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Retailers give thumbs up to Scottish No vote

Scottish clothing businesses breathed a sigh of relief after the country last week rejected independence from the UK.

In the run-up to the referendum Scottish retailers had expressed concerns that independence could result in increased taxes, interest rates and regulation. This week the overwhelming majority of retailers that Drapers spoke to welcomed the vote to remain in the union, which they said removed uncertainty about the future of a divided UK - particularly in terms of currency and corporation tax for businesses in Scotland.

The No campaign won 55.3% of the votes cast in last Thursday’s referendum, the results of which were announced on September 19.

Natalie Kerr, owner of footwear retailer Elisabeth May Boutique in St Andrews, Fife, said: “If we were to become an independent country it might have brought benefits in the way of health care, but the cost of setting up as [an independent] country might have passed tax and VAT on to businesses.”

She added remaining part of the union “keeps products as competitive as businesses in England” while independence could have led to “consumer uncertainty” in Scotland.

Lauren Ferguson, owner of womenswear independent Sisters Boutique in Falkirk, Stirlingshire, a winner at the Drapers Independents Awards 2014, said: “I stayed up all night on Thursday evening awaiting the result, such was my anxiety over the possible changes. It would have been a disaster for Scotland in my eyes. The uncertainty over the currency was critical; however, being British and having a business with a UK domain name it horrified me to not be part of the union.”

Archie Hume, co-owner of Drapers Independents Awards 2014 overall winner A Hume Country Clothing of Kelso in the Scottish Borders, said the question over whether Scotland might have to join the euro in the future had been particularly off-putting. “It would have been a massive leap of faith,” he said.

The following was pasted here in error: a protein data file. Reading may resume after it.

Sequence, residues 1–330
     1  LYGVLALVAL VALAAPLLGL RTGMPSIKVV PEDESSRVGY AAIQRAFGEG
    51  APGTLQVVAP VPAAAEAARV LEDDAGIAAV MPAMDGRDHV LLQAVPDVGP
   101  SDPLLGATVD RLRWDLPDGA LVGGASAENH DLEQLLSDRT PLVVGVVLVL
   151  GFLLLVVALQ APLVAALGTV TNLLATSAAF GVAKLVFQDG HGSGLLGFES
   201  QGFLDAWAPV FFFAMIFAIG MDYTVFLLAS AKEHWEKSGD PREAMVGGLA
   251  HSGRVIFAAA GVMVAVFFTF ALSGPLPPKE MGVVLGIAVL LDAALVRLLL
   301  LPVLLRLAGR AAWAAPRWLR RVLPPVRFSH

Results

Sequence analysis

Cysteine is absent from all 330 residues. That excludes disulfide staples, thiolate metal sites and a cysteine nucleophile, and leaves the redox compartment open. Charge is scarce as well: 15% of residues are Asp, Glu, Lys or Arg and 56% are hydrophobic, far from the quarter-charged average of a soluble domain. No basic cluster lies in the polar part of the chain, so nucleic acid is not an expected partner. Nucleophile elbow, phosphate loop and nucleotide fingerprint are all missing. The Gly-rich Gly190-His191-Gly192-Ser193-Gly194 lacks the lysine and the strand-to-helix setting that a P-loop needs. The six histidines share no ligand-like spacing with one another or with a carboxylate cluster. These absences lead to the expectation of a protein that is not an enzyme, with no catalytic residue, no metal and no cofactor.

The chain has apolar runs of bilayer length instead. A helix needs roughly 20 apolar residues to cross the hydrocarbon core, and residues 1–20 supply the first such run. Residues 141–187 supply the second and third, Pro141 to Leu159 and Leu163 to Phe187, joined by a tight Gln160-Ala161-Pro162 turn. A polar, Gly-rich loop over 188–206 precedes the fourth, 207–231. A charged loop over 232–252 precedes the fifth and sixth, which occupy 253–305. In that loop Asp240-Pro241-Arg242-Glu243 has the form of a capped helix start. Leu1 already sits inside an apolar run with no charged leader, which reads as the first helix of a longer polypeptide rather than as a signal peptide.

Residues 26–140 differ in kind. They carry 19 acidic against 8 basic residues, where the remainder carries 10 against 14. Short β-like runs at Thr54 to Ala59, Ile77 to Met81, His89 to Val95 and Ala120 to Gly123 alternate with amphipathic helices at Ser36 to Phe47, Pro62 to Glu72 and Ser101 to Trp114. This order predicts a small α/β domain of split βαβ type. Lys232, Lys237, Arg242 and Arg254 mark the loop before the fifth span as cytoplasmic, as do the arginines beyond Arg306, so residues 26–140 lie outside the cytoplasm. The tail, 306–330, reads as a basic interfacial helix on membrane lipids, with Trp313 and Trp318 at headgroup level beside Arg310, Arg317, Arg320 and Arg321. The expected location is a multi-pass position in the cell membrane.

Others praised the referendum for raising Scotland’s profile. Douglas Kinloch Anderson, chairman of kilts and highland dress manufacturer Kinloch Anderson in Edinburgh, said the prominence given to Scotland by the world’s media in the run-up to the referendum could benefit export businesses.

But he added: “However, the uncertainty has been increasingly concerning and it is beneficial to now know where we stand.”

Paul Walker, co-owner of Edinburgh tailor and tweed specialist Walker Slater, said: “From a business perspective of course certainty is preferable to the unknown, [but] I think [first minister Alex] Salmond has done a great job in opening up this discussion.”

Grant Mitchell, managing director of mainstream menswear independent Cooper & McKenzie in Dundee and a member of buying group Independent Menswear Company (IMC), said: “Thankfully common sense has prevailed in sufficient strength to ensure we continue flourishing in tangent with our business partners from the southern parts.”

Scottish Retail Consortium director David Lonsdale said the vote signalled the start of a fresh chapter of devolution, with greater power and more economic responsibility for the Scottish government. This, he said, “will enhance our prospects even further by prioritising a competitive and attractive environment for retailers and others to invest.”


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